The linked villages of Crans and Montana, prized for their sunny weather and views encompassing the Matterhorn and Mt. Blanc, occupy a balcony above the Rhone Valley village of Sierre.

Crans-Montana lacks the glitz and trendy glamour of some other high-end Swiss resorts, but many well-heeled international jetsetters prefer its unpretentious vibe.

Even on a gray day, the views from the mountains of Crans-Montana are splendid. ©Hilary Nangle.jpg

Even on a gray day, the views from the mountains of Crans-Montana are splendid

Predominantly easy-going runs lace Crans-Montana’s three interconnected peaks, but those seeking challenges will find them on the resort’s World Cup runs, the nearly 7.5-mile Piste Nationale, and its off-piste terrain. This is a fine place to try snow biking—either a thrilling run down the mountain or easier routes looping the golf courses or through town. In any case, do pause at L’Instant Chocolate, where French pastry chef and renowned chocolatier David Pasquiet makes irresistible temptations.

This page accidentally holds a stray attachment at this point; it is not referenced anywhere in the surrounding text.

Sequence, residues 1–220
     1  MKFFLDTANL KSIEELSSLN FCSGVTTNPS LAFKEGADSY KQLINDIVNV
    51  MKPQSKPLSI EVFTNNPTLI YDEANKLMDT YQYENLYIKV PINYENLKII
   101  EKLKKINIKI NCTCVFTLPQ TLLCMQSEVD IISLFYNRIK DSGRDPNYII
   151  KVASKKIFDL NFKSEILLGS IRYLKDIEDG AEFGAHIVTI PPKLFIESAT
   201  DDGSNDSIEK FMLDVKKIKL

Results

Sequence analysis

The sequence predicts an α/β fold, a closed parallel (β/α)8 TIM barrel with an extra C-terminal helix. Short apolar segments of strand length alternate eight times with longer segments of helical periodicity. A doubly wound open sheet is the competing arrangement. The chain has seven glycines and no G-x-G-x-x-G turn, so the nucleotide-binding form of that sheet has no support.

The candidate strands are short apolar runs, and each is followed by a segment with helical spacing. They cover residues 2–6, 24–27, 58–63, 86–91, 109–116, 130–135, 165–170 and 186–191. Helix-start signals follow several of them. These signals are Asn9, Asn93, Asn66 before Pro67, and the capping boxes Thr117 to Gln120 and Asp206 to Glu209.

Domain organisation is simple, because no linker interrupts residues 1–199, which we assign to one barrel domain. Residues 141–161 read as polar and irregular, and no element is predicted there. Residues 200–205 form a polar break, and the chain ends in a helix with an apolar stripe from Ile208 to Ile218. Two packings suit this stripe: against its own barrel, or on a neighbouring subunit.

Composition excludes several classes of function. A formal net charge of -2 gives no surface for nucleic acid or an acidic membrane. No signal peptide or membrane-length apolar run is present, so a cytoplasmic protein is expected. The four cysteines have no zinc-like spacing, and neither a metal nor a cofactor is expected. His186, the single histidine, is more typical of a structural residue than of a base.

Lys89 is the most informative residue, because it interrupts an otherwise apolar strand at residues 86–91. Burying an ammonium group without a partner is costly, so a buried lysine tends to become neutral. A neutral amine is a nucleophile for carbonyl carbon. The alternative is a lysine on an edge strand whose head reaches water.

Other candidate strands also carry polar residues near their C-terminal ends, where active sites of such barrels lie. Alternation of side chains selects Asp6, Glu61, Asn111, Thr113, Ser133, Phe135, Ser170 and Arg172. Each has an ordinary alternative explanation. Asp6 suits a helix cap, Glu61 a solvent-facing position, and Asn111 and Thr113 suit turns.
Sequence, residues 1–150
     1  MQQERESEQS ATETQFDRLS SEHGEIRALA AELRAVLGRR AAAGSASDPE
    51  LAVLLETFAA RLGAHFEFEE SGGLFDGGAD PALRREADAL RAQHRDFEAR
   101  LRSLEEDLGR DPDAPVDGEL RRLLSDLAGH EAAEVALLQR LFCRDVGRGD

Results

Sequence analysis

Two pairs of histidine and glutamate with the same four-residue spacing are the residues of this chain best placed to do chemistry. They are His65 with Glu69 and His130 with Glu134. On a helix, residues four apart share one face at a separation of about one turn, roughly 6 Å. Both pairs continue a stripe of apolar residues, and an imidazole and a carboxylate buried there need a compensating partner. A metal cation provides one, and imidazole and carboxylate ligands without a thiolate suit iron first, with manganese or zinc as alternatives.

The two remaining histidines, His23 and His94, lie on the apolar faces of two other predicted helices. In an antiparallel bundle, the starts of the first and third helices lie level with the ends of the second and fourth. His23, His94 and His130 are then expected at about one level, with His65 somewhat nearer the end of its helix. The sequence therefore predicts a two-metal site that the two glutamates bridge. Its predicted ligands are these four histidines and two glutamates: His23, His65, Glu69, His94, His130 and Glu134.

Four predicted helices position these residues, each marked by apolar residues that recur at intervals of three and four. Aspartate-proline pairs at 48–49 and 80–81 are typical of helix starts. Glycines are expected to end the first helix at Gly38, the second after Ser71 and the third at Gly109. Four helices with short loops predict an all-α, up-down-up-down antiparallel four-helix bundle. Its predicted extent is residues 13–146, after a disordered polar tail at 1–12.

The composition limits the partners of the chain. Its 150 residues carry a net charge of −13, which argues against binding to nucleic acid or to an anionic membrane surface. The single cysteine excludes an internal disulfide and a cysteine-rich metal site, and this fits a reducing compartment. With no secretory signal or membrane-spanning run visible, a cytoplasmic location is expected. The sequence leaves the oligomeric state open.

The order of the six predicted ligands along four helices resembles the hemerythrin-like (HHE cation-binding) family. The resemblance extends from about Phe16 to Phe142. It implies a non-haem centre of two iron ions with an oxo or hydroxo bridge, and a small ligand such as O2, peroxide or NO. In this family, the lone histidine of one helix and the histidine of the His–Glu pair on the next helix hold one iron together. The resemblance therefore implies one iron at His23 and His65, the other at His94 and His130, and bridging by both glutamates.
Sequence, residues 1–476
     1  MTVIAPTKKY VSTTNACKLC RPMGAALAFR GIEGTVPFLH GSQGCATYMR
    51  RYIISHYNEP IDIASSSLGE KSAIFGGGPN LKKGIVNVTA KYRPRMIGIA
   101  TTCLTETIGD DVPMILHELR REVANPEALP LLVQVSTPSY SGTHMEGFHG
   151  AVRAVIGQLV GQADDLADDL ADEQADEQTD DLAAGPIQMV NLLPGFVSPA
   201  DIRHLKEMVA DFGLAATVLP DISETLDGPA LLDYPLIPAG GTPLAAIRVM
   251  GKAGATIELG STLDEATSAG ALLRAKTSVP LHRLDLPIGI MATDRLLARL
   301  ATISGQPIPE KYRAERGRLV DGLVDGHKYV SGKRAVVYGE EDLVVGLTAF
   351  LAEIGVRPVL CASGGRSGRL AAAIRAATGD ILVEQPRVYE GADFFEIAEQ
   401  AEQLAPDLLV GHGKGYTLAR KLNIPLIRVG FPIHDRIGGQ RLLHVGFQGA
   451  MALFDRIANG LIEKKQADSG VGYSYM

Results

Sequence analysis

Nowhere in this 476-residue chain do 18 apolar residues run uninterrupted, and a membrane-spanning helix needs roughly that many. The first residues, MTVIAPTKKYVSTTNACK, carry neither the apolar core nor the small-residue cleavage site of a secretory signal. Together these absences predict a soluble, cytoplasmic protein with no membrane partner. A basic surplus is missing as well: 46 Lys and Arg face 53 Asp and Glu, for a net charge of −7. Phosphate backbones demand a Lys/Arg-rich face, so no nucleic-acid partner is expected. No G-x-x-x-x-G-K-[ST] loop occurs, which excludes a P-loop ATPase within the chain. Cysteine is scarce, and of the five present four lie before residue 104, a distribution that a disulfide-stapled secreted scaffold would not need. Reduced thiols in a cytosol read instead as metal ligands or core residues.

Ride a snow bike down the mountain or through the town and onto the golf course at Crans-Montana, Switzerland. ©Hilary Nangle.jpg

Ride a snow bike down the mountain or through the town and onto the golf course at Crans-Montana, Switzerland

The Hotel Royal puts everything from chic boutiques to peak-climbing lifts within walking distance. If you’re lucky, the concierge may be able to score lunch reservations at La Cabane des Violettes, one of the resort’s mountain huts. Otherwise, aim for dinner at l’Hostellerie du Pas de l’Ours, both under the direction of Michelin-starred chef Frank Reynaud.

4)  Royal pleasures: Davos-Klosters, Switzerland

Davos first gained fame as a spa center for those with respiratory issues, later rising to prominence as host of the annual World Economic Forum. Rail, road, and one of Europe’s longest ski runs connect boxy Davos to traditional Klosters, a favorite of British royals.